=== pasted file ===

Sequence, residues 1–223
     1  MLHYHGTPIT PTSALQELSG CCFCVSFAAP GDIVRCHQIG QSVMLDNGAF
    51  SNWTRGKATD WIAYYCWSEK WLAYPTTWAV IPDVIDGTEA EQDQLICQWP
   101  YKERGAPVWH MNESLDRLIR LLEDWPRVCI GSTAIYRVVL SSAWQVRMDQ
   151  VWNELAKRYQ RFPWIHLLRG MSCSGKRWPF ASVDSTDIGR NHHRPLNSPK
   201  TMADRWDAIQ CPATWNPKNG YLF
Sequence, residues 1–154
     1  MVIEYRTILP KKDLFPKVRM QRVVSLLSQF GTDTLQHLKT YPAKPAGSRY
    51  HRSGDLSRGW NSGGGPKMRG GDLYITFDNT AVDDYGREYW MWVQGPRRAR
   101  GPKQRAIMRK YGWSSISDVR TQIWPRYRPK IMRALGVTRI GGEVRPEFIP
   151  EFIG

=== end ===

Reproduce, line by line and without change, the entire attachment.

Sequence, residues 1–223
     1  MLHYHGTPIT PTSALQELSG CCFCVSFAAP GDIVRCHQIG QSVMLDNGAF
    51  SNWTRGKATD WIAYYCWSEK WLAYPTTWAV IPDVIDGTEA EQDQLICQWP
   101  YKERGAPVWH MNESLDRLIR LLEDWPRVCI GSTAIYRVVL SSAWQVRMDQ
   151  VWNELAKRYQ RFPWIHLLRG MSCSGKRWPF ASVDSTDIGR NHHRPLNSPK
   201  TMADRWDAIQ CPATWNPKNG YLF
Sequence, residues 1–154
     1  MVIEYRTILP KKDLFPKVRM QRVVSLLSQF GTDTLQHLKT YPAKPAGSRY
    51  HRSGDLSRGW NSGGGPKMRG GDLYITFDNT AVDDYGREYW MWVQGPRRAR
   101  GPKQRAIMRK YGWSSISDVR TQIWPRYRPK IMRALGVTRI GGEVRPEFIP
   151  EFIG